When historians pick up their pens to write the story of the 21st century, let them say that it was your generation who laid down the heavy burdens of hate at last and that peace finally triumphed over violence, aggression, and war. So I say to you, walk with the wind, brothers and sisters, and let the spirit of peace and the power of everlasting love be your guide.” (4 min)
I’m very excited to facilitate tonight’s discussion with loyal reader Telannia Norfar. Ms. Norfar is a math teacher and department chair in a public school in Oklahoma City, OK. She is entering her 16th year of teaching and is an advocate for improving educational experiences for BIPOC students. She uses student-centered strategies so that students become independent learners. One of her main strategies is Project-Based Learning. She is the author of Project-Based Learning in the Math Classroom. She is CEO of Neither Near Norfar, Inc, a consulting company that provides training on student-centered educational strategies. Telannia is a National Faculty Member for PBLWorks. Hope to see you at 5 pm PT!
After a poetry reading, Gary Jackson sips wine and tries to make small talk with two women eager to tell him that racial relations have improved and how “it doesn’t matter what color anyone is as long as you’re willing to listen.” Sensing awkwardness in the conversation, a third woman saves the day, steering the conversation back to the art and reminding Mr. Jackson that “everything’s always been this awful, but it’s getting better.” (2 min)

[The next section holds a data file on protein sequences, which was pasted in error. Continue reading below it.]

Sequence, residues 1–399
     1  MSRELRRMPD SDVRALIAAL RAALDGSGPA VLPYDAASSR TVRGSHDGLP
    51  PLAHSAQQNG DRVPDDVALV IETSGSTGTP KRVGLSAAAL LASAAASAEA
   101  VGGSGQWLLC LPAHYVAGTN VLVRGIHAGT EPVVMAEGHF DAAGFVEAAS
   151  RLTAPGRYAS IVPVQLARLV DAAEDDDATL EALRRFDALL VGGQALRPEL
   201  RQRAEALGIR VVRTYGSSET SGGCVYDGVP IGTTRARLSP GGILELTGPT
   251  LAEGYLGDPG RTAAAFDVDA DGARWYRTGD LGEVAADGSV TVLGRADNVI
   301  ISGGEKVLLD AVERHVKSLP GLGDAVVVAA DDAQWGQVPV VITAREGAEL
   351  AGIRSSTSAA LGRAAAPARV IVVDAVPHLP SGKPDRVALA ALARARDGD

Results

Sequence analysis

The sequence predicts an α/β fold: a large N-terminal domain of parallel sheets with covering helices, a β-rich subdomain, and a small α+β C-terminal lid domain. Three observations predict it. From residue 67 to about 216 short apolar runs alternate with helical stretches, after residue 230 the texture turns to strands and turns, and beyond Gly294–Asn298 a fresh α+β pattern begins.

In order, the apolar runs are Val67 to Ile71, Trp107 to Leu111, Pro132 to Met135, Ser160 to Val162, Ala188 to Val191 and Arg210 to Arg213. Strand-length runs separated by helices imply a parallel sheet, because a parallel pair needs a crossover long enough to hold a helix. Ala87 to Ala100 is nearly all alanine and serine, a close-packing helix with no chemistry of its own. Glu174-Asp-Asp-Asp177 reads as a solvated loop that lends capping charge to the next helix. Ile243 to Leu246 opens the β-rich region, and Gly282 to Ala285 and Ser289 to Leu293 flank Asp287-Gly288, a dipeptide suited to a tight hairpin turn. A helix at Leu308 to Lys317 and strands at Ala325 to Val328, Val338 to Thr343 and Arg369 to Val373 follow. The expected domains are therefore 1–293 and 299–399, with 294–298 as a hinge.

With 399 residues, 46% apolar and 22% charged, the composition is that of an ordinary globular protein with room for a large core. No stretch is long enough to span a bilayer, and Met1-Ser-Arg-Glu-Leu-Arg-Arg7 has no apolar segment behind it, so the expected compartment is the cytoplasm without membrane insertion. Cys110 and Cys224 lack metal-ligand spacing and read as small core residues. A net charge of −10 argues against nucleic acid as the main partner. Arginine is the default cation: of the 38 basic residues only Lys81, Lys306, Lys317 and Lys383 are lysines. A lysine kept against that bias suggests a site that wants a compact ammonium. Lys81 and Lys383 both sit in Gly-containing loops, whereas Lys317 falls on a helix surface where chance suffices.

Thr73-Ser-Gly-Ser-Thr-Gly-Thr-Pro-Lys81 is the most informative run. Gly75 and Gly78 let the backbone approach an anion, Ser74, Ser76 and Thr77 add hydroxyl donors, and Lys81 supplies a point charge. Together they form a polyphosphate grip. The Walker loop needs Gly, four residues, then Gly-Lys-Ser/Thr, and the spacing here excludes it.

Disney World During The Pandemic Is Extremely Weird
“I should admit,” Graeme Wood writes, “that a Disney vacation, even in pre-coronavirus conditions, sounds to me like the most elaborate way to have a miserable time yet invented by humankind.” But in this hilarious, well-written article, Mr. Wood discovers that the Magic Kingdom, despite its problems, serves as a benevolent authoritarian regime, satisfying its obedient subjects, who don’t mind the constant surveillance and the $11 corn dogs. Maybe this is better governance than what’s outside Disney’s walls? (26 min)
+ Reader Annotations: Several of you listened to last week’s outstanding podcast with Bryan Stevenson. (Thank you.) Here’s what loyal reader Lisa had to say:
Stevenson’s interview was profound. I’ve had a Post-It on my monitor all summer that says “liberation.” It is the filter through which I move my decisions and thoughts. They are either liberating me and others or they are not. Period. But the most moving idea in the podcast was the imperative of truth telling. There is no beauty, no liberation, no healing without it.
Thank you very much, Lisa, for your thoughtful contribution. Loyal readers, if an article in this newsletter moves you, by all means, hit reply and let me know.
Thank you very much for reading yet another issue of The Highlighter. Let me know what you thought by hitting reply or by clicking on the thumbs below.
Also, let’s welcome our community’s 4 new members: David, Janna, Galiullina, and Feroze. I hope that you find this newsletter a solid addition to your Thursday email inbox.